The kinsman-redeemer serves as a Messianic type, the gō’ēl who fulfills the following qualifications and functions of his kinsmen:

  1. be must be a blood relative (even as Christ became a blood relative of man by the virgin birth);

  2. he must have the money to purchase the forfeited inheritance (4:10—even as Christ alone had the merit to pay the price for sinners);

  3. he must be willing to buy back that forfeited inheritance (4:9—even as Christ laid down His life on His own volition);

  4. he must be willing to marry the wife of a deceased kinsman (4:10— typical of the bride and groom relationship between Christ and His church). From this standpoint, therefore, the little book of Ruth is one of the most instructive in the Old Testament concerning the mediatorial work of the Lord Jesus.

The kinsman-redeemer four responsibilities (cf. Ruth 2:20, note):

  1. if a kinsman was forced to sell his property, he was to redeem it (v. 25);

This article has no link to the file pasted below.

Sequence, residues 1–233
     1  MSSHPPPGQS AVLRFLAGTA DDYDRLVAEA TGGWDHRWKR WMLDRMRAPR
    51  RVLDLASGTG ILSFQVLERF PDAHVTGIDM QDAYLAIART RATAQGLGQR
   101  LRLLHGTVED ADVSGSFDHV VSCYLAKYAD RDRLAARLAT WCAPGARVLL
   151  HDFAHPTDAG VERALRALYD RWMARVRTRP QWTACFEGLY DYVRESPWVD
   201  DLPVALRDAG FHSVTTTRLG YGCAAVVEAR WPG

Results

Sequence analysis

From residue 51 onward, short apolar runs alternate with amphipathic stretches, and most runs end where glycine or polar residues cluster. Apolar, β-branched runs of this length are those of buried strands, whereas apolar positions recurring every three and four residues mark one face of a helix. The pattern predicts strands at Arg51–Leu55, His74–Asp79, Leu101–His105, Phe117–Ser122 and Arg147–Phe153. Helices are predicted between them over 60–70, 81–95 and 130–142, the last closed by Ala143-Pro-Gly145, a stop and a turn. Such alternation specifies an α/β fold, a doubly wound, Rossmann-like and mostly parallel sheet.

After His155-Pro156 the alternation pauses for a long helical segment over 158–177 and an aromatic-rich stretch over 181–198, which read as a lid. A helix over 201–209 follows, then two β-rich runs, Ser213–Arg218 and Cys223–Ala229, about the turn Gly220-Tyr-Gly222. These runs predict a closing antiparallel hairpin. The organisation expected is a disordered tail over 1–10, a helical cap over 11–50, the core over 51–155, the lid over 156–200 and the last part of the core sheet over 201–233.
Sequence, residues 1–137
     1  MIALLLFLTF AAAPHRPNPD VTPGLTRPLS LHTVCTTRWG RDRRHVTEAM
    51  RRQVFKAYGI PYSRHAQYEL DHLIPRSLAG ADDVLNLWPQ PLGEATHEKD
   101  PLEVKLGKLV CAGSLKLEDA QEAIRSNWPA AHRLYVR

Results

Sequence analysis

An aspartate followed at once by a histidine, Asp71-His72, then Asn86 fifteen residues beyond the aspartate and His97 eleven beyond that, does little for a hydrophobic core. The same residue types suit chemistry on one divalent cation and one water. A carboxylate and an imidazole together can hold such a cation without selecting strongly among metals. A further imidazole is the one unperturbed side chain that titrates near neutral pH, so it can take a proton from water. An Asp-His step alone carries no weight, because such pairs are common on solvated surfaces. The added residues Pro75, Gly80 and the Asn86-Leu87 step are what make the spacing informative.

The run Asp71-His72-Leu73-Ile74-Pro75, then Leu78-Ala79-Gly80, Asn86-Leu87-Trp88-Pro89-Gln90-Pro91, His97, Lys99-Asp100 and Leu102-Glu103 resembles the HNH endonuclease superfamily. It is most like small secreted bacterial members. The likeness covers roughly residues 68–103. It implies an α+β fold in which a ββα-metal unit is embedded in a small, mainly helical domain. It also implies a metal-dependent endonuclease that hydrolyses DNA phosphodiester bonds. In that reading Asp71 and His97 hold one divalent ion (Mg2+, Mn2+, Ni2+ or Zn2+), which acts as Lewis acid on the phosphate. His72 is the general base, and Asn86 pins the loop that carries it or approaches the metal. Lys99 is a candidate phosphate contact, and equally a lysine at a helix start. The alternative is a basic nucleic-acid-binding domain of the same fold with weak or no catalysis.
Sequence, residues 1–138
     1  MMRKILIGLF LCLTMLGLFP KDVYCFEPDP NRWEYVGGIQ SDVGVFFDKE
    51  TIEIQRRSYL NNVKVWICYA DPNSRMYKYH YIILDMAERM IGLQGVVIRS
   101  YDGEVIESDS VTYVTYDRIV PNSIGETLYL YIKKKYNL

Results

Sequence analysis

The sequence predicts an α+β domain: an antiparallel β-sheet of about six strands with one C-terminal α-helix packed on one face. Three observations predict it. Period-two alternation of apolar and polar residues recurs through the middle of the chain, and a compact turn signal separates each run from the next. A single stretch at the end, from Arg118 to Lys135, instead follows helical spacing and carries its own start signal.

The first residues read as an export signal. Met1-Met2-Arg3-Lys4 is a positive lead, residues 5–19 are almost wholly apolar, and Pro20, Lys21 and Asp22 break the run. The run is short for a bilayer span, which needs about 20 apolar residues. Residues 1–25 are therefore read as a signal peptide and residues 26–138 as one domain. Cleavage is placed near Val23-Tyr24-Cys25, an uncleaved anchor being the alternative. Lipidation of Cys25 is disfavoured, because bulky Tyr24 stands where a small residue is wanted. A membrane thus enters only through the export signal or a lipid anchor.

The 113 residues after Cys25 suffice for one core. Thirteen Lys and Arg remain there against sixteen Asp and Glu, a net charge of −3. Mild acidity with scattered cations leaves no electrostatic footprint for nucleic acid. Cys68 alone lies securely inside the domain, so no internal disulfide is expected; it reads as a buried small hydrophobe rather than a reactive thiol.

2. if a kinsman became a slave, he was to redeem him or her (vv. 47-49);

  3. if a kinsman died without an heir, he was to redeem his name by marrying the widow and rearing a son (Deut 25:5-10; cf. Matt 22:24; Mark 12:19; Luke 20:28);

  4. if a kinsman was slain, it was his sacred duty to act as the avenger of blood (Num 35:9-28).

The common denominator of all four circumstances is simply that the kinsman-redeemer did for his relative what that relative could not do for himself. It is also significant that, in the Scriptures, the kinsman-redeemer serves as a type of Christ.